With the final leg underway, our ships company tacked all the way up Jura towards Oban and I am happy to report that this merry band of sailors handled all the tacking unassisted by the crew. Hungry, tired and out of water after 10 days Bessie Ellen pulled alongside Oban after 530 nm happily back home in her summer waters.

 

How John Chichester bought Bessie Ellen

Across the water from Plymouth lies the small village of Turnchapel, with the small peninsular of Mount Batten leading off it. It was here, in Clovelly bay that William Samuel Kelly, a shipyard owner, had his premises. It was in 1904 that he commenced the building of Bessie Ellen – she was being built as a “chopping block”. This was a project to keep the shipwrights busy in the time of a slack period, meaning that Bessie Ellen took two years to complete before being ready for launching towards the end of 1906. William Kelly had built Bessie Ellen for the Newfoundland trade; with a fine clipper bow and a transom stern she had the appearance of a fast sailer.

It was in the summer of 1906 that John Chichester, a ship owner captain arrived to pick up a cargo in his little ship, the Julie. Whilst in port, he heard mention of a 150-ton ship that was being built over the water in Mount Batten which he duly went to inspect.

When John had decided on buying the ketch, the shipping firm of Clarke, Incledon and Clarke approached him, asking if he would like to go into a partnership of the vessel. John declined though he did borrow some of the capital from Harry Clarke, Harry being his brother -in-law. Bessie, John’s wife also provided some of the funding. With his finances secure, John went back to Plymouth with his son Jack to buy the ship. During the journey on the train, father pulled out a bag of gold sovereigns and said to his son” I don’t suppose you have seen them before, and I doubt you will ever see them again” at which the bag went back in his pocket until his arrival at Williams yard where he laid them on the table and paid for his ship.

Although finished at the end of 1906, John withheld the launching date until January 1907, an apparent gain of a year regarding her age. John’s two daughters, Ellen 13, and Bessie 11 performed the ceremony between them, Ellen naming the vessel Bessie Ellen, and Bessie breaking the wine bottle on her bow. (Today in possession of the Chichester family is the postcard of Plymouth Hoe. Dated January 3rd 1907 it contains the message to his wife Bessie, saying that he was sending their children home, their part being done.)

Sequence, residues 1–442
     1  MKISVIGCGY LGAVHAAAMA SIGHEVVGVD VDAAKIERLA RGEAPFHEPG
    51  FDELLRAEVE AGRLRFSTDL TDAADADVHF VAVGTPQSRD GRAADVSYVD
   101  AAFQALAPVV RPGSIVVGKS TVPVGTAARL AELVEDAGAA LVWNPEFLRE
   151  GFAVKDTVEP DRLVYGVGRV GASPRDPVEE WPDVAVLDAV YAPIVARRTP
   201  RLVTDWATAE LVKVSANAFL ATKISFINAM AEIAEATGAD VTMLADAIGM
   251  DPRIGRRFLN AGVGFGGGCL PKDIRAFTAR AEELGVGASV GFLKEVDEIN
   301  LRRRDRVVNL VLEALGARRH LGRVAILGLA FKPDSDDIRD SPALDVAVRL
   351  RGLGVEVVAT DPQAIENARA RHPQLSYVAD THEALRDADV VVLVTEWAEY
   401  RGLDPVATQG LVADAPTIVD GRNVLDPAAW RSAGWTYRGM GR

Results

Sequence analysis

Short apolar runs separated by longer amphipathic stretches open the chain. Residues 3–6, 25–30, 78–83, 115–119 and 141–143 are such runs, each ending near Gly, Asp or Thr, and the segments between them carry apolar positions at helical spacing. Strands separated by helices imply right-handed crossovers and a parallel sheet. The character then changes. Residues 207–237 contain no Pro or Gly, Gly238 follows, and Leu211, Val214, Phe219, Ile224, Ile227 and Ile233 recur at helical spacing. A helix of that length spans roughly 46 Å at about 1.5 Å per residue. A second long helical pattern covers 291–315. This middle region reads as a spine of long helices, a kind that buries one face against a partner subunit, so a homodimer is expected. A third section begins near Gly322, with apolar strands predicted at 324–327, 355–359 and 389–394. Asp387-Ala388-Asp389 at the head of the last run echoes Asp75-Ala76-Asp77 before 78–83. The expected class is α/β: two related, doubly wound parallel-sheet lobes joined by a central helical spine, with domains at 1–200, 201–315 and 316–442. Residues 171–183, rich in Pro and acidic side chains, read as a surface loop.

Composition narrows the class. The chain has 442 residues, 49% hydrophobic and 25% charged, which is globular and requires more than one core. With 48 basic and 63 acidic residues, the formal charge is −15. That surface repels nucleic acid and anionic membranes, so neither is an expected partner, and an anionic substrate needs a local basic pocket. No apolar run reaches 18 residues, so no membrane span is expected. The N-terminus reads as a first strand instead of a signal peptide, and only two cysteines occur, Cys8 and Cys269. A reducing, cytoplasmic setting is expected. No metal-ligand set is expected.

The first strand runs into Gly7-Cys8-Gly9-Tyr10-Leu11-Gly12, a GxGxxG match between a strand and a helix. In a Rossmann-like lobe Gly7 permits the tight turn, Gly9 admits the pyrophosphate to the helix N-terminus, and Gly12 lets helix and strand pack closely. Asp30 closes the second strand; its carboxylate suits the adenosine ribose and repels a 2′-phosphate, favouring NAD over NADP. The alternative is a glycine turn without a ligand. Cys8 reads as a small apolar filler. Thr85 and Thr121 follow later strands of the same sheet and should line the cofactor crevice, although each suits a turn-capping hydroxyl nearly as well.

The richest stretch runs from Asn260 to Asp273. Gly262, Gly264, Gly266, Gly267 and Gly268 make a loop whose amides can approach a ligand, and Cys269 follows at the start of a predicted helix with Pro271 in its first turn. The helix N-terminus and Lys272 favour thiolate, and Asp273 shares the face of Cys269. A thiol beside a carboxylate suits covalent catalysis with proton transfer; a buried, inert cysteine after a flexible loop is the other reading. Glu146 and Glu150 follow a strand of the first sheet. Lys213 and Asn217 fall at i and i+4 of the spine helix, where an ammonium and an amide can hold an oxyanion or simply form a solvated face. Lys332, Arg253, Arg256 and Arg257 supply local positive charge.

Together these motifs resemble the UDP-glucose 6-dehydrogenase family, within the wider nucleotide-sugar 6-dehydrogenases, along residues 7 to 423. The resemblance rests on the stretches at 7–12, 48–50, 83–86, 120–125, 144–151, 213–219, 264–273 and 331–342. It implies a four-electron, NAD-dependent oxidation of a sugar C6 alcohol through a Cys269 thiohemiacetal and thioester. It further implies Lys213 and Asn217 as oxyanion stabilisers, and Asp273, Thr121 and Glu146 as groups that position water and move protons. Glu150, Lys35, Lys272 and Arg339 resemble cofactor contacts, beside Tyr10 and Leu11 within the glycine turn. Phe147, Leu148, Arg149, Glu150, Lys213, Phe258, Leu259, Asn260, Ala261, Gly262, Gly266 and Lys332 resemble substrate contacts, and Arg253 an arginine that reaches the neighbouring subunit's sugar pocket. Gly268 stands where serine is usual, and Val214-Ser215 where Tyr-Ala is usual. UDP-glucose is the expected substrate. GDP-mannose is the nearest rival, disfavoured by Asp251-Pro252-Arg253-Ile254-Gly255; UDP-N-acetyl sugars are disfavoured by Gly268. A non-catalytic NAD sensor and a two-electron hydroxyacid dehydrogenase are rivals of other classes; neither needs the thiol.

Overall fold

Thus, after registration in Barnstaple, Bessie Ellen became the beloved ship of the Chichester family.

 

Discover the Treshnish

Scotland is one of my favourite places in the world and I would like to introduce you to some of my top locations. This month the focus will be on the Treshnish group consisting of islands and rocky outcrops. More information on all Scottish islands can be found in the island bible “The Scottish Islands” by Hamish Haswell Smith.

Just a few miles to the west of Mull, the archipelago of Treshnish lie in a turquoise sea that even tropical islands would find hard to beat (save the temperature).  Now uninhabited, these islands are home to large seabird colonies and the month of May is the best time to visit with guillemots, fulmar razorbill, and of course the endearing puffin.

Puffins in the hebrides

Lunga is the easiest to land on and is the highest, providing magnificent views stretching over the sea to Rum in the North with Iona and Jura’s peaks in the South. Nestling under the hill amidst the braken lie the ruins of old “Black Houses” once home to Donald Campbell who, with his family left in 1824 – the group is now owned by National Trust Scotland. The evocative Bac Mor or Dutchmans Cap, the distinct shape formed by an ancient volcano cone, with the flat plain surround was created from glassy lava fields. I have sailed round Bac Mor a number of times but there seems to be no real safe place to land. Rocky shores strewn with kelp along with the constant surge of the sea coming in from the Atlantic makes scrambling ashore quite tricky. Perhaps this year the weather will be calm enough to allow some of us to scramble ashore and reach the top.

Fladda is just like its name, a flat volcanic plateau where sea caves ring to the song of the seals who’s eerie mournful cry seems to belong here in this deserted and desolate place. The surrounding waters are teeming with puffins , thousands of them, fishing for sand eels in the clear waters. Puffin numbers are on the decline, either because of overfishing, or climate change, every year we notice fewer numbers.

Close to the Mull shore, Cairn na Burgh More believed to be where the monks of Iona buried their library for safety during the reformation of1560 – this treasure has never been recovered, but should you find them, these wonderfully illustrated books would be worth millions. Up on the top of the island lie the remains of a medieval castle and a chapel. There is a story stating that Maclean of Lochbuie was imprisoned on the isle for feuding. For company he was accompanied by the ugliest woman on Mull, but this did not stop him giving forth a son who won back his title! It is also believed that the castle is where the Maclean clans unwanted wives were imprisoned.